2DF Seyhan Yildiz (1989-04-30) 30 April 1989 37 1 Balzers
2DF Sandro Wolfinger (1991-08-24) 24 August 1991 33 2 Eschen/Mauren
2DF Maximilian Göppel (1997-08-31) 31 August 1997 30 1 Vaduz
2DF Daniel Brändle (1992-01-23) 23 January 1992 27 0 Pullach
2DF Andreas Malin (1994-01-31) 31 January 1994 19 0 Dornbirn
2DF Jens Hofer (1997-10-01) 1 October 1997 6 0 Vaduz

3MF Martin Büchel (Captain) (1987-02-19) 19 February 1987 82 2 Red Star Zürich
3MF Michele PolverinoRET (1984-09-26) 26 September 1984 79 6 Balzers
3MF Robin Gubser (1991-04-17) 17 April 1991 38 1 Eschen/Mauren
3MF Aron Sele (1996-09-02) 2 September 1996 19 0 Vaduz
3MF Livio Meier (1998-01-10) 10 January 1998 12 0 Eschen/Mauren
3MF Philipp Ospelt (1992-10-07) 7 October 1992 4 0 Eschen/Mauren
3MF Ridvan Kardesoglu (1996-10-12) 12 October 1996 1 0 Chur 97
3MF Fabio Wolfinger (1996-11-05) 5 November 1996 1 0 Eschen/Mauren
3MF Noah Frommelt (2000-12-18) 18 December 2000 1 0 Balzers
3MF Marco Wolfinger (1989-04-18) 18 April 1989 0 0 Balzers

4FW Nicolas Hasler (1991-05-04) 4 May 1991 67 3 Sporting Kansas City
4FW Dennis Salanović (1996-02-26) 26 February 1996 41 4 Thun
4FW Yanik Frick (1998-05-27) 27 May 1998 11 1 Rapperswil-Jona
4FW Noah Frick (2001-10-16) 16 October 2001 2 0 Vaduz

Recent call-ups

The following players were called up in the last 12 months.

Pos. Player Date of birth (age) Caps Goals Club Latest call-up
GK Claudio Majer (1996-03-23) 23 March 1996 0 0 Eschen/Mauren v.  Italy, 15 October 2019
GK Thomas Hobi (1993-06-20) 20 June 1993 2 0 VfB Hohenems v.  Finland, 11 June 2019
GK Armando Majer (1999-05-12) 12 May 1999 0 0 Eschen/Mauren v.  Finland, 11 June 2019

DF Daniel Kaufmann (1990-12-22) 22 December 1990 57 1 Balzers v.  Italy, 15 October 2019
DF Fabian Eberle (1992-07-27) 27 July 1992 7 0 Konolfingen v.  Italy, 15 October 2019
DF Alexander Marxer (1994-04-04) 4 April 1994 0 0 Ruggell v.  Armenia, 8 June 2019

MF Sandro Wieser (1993-02-03) 3 February 1993 53 2 Vaduz v.  Greece, 8 September 2019
MF Simon Kühne (1994-04-30) April 30, 1994 22 0 Eschen/Mauren v.  Greece, 8 September 2019

FW Marcel Büchel (1991-03-18) 18 March 1991 16 1 Juve Stabia v.  Finland, 11 June 2019
FW Philippe Erne (1986-12-14) 14 December 1986 35 1 Balzers v.  Greece, 23 March 2019 INJ

Notes:

  • PRE = Preliminary squad
  • INJ = Injured
  • RET = Player retired from the national team.

2016 UEFA European Championship qualification

Pos Team Pld W D L GF GA GD Pts Qualification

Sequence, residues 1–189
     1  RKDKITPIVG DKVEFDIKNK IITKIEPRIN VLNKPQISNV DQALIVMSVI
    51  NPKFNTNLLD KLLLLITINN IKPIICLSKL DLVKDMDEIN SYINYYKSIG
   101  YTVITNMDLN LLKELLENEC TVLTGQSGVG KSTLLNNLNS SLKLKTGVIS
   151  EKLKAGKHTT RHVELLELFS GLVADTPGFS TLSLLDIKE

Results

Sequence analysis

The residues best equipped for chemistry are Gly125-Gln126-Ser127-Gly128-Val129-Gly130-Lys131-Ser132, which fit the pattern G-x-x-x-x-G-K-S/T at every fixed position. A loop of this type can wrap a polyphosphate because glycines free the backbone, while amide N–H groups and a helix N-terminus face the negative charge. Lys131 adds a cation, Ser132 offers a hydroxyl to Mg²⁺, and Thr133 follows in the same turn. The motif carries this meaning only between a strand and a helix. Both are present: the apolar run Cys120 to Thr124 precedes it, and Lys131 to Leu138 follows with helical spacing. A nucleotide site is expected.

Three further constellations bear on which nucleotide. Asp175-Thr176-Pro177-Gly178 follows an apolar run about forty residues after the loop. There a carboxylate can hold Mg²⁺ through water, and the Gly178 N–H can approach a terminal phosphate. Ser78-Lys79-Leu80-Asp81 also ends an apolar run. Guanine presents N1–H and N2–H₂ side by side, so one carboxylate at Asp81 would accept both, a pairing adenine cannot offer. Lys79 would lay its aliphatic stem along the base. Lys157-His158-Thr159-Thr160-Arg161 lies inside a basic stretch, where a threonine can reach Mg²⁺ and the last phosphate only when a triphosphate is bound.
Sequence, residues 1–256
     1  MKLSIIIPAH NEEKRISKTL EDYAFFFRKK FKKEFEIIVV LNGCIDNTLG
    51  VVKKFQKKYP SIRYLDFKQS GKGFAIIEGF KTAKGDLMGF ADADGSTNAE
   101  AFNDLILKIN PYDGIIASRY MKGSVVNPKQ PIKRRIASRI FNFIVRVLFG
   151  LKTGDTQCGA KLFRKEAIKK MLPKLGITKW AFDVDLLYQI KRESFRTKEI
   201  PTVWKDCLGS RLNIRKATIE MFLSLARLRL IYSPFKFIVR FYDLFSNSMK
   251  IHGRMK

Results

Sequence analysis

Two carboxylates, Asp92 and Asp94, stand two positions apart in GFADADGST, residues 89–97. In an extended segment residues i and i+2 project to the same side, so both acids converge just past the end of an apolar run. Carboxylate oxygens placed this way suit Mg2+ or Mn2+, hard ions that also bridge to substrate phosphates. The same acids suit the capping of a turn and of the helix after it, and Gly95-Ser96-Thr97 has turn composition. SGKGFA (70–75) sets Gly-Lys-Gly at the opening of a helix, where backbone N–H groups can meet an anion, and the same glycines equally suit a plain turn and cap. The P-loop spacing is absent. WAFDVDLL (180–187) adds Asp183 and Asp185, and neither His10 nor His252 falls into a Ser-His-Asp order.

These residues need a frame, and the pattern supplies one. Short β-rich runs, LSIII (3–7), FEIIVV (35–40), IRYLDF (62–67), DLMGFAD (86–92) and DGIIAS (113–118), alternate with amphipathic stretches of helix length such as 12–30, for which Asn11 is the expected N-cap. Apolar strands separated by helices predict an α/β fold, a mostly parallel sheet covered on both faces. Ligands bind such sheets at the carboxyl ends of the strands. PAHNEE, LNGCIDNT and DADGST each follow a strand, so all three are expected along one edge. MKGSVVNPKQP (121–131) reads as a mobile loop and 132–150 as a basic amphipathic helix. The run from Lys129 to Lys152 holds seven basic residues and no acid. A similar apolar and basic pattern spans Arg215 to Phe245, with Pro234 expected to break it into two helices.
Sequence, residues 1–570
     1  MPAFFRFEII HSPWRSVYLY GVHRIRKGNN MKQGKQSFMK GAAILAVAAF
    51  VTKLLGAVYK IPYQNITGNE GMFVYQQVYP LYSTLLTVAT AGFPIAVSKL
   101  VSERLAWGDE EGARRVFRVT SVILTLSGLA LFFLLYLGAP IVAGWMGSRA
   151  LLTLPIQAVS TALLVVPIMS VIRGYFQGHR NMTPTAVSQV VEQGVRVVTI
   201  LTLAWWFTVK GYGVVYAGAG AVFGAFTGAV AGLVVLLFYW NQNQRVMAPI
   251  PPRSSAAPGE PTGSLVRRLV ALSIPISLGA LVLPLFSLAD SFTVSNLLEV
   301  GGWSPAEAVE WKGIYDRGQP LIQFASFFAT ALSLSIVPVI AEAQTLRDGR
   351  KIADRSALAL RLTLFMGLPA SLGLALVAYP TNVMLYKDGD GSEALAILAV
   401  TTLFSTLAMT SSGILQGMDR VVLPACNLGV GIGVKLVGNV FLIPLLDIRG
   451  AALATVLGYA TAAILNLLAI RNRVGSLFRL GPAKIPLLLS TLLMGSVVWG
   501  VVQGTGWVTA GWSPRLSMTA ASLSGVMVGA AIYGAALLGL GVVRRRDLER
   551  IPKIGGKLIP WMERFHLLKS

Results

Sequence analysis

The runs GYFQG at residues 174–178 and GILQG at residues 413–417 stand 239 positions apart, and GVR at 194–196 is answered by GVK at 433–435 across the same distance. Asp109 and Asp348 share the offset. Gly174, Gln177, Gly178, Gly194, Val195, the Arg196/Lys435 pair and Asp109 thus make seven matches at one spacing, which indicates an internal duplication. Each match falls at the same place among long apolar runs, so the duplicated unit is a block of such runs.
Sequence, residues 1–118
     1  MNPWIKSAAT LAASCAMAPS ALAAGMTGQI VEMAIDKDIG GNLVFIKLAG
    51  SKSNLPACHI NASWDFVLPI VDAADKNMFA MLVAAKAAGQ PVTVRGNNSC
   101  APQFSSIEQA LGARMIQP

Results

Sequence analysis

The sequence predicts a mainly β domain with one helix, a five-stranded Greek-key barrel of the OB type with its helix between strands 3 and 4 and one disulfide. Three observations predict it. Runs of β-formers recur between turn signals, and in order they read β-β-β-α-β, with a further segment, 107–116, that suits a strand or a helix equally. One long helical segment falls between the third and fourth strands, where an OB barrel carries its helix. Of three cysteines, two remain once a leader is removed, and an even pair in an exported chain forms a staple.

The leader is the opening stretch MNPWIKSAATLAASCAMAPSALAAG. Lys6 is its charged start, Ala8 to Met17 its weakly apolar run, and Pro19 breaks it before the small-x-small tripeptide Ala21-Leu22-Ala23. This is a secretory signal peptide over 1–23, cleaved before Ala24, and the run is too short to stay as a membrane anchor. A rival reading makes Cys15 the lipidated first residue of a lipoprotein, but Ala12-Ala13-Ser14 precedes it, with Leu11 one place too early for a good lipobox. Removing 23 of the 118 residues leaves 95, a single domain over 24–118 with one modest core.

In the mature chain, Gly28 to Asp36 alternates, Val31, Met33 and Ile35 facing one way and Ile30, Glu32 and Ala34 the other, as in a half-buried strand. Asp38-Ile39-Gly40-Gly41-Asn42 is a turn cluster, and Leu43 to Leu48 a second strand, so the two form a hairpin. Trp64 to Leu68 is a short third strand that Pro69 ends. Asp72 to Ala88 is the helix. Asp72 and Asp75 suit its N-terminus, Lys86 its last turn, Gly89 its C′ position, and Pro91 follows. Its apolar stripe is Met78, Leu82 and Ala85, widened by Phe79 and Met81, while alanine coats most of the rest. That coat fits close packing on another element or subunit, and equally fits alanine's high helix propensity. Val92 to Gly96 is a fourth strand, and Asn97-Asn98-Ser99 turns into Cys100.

1  Austria 10 9 1 0 22 5 +17 28 Qualify for final tournament 1–0 1–1 1–0 3–0 1–0
2  Russia 10 6 2 2 21 5 +16 20 0–1 1–0 2–0 4–0 1–1
3  Sweden 10 5 3 2 15 9 +6 18 Advance to play-offs 1–4 1–1 3–1 2–0 2–0
4  Montenegro 10 3 2 5 10 13 3 11 2–3 0–3[lower-alpha 1] 1–1 2–0 2–0
5  Liechtenstein 10 1 2 7 2 26 24 5 0–5 0–7 0–2 0–0 1–1
6  Moldova 10 0 2 8 4 16 12 2 1–2 1–2 0–2 0–2 0–1
Source: UEFA
Rules for classification: Qualification tiebreakers
Notes:
  1. The Montenegro v Russia match was awarded as a 3–0 win to Russia after being abandoned at 0–0 due to crowd violence and a scuffle between players.

2018 FIFA World Cup qualifiers

{{2018 FIFA World Cup qualification – UEFA Group G table |show_matches=yes|showteam=LIE}}

2020 UEFA European Championship qualification

Pos Team Pld W D L GF GA GD Pts Qualification
1  Italy 10 10 0 0 37 4 +33 30 Qualify for final tournament 2–0 2–0 2–1 9–1 6–0
2  Finland 10 6 0 4 16 10 +6 18 1–2 1–0 2–0 3–0 3–0
3  Greece 10 4 2 4 12 14 2 14 0–3 2–1 2–1 2–3 1–1
4  Bosnia and Herzegovina 10 4 1 5 20 17 +3 13 0–3 4–1 2–2 2–1 5–0
5  Armenia 10 3 1 6 14 25 11 10 1–3 0–2 0–1 4–2 3–0
6  Liechtenstein 10 0 2 8 2 31 29 2 0–5 0–2 0–2 0–3 1–1
Source: UEFA

2018–19 UEFA Nations League

Group 4

Pos Team Pld W D L GF GA GD Pts Promotion[lower-alpha 1]
1  Macedonia 6 5 0 1 14 5 +9 15 Promotion to League C 2–0 4–0 4–1
2  Armenia 6 3 1 2 14 8 +6 10 4–0 0–1 2–1
3  Gibraltar 6 2 0 4 5 15 10 6 0–2 2–6 2–1
4  Liechtenstein 6 1 1 4 7 12 5 4 0–2 2–2 2–0
Source: UEFA
Rules for classification: Tiebreakers
Notes:
  1. Due to revamp of the format for the 2020–21 UEFA Nations League, the second-placed teams in each group and the best third-placed team among all groups were also promoted.

Player history

As of 18 November 2019

In literature

Prompted by the team's poor record in competitive games, British writer Charlie Connelly followed the entire qualifying campaign for the 2002 FIFA World Cup. As recorded in the subsequent book Stamping Grounds: Liechtenstein's Quest for the World Cup, Liechtenstein lost all eight games without scoring a goal.[9]

References

  1. "The FIFA/Coca-Cola World Ranking". FIFA. 28 November 2019. Retrieved 28 November 2019.
  2. Elo rankings change compared to one year ago. "World Football Elo Ratings". eloratings.net. 25 November 2019. Retrieved 25 November 2019.
  3. Ltd, Allied Newspapers. "Malta beat Liechtenstein 7-1". Times of Malta. Retrieved 2018-11-07.
  4. "Liechtenstein and Finland football teams played to a 1:1 draw, 9 September 2009". eu-football.info. Retrieved 2018-11-07.
  5. "Liechtenstein missing goal hero Philippe Erne". BBC Sport. BBC. 27 September 2011. Retrieved 27 September 2011.
  6. UEFA.com. "UEFA Nations League - Standings". UEFA.com. Retrieved 2018-11-07.
  7. "UEFA league D4".
  8. https://www.lfv.li/fileadmin/user_upload/Dateien/Nationalmannschaften/A-Nationalmannschaft/Aufgebote-Nationalmannschaft/2019/Aufgebot_WOF-November.pdf
  9. Stamping Grounds : Exploring Liechtenstein and its World Cup Dream. 2014-06-11. ISBN 9780349141121.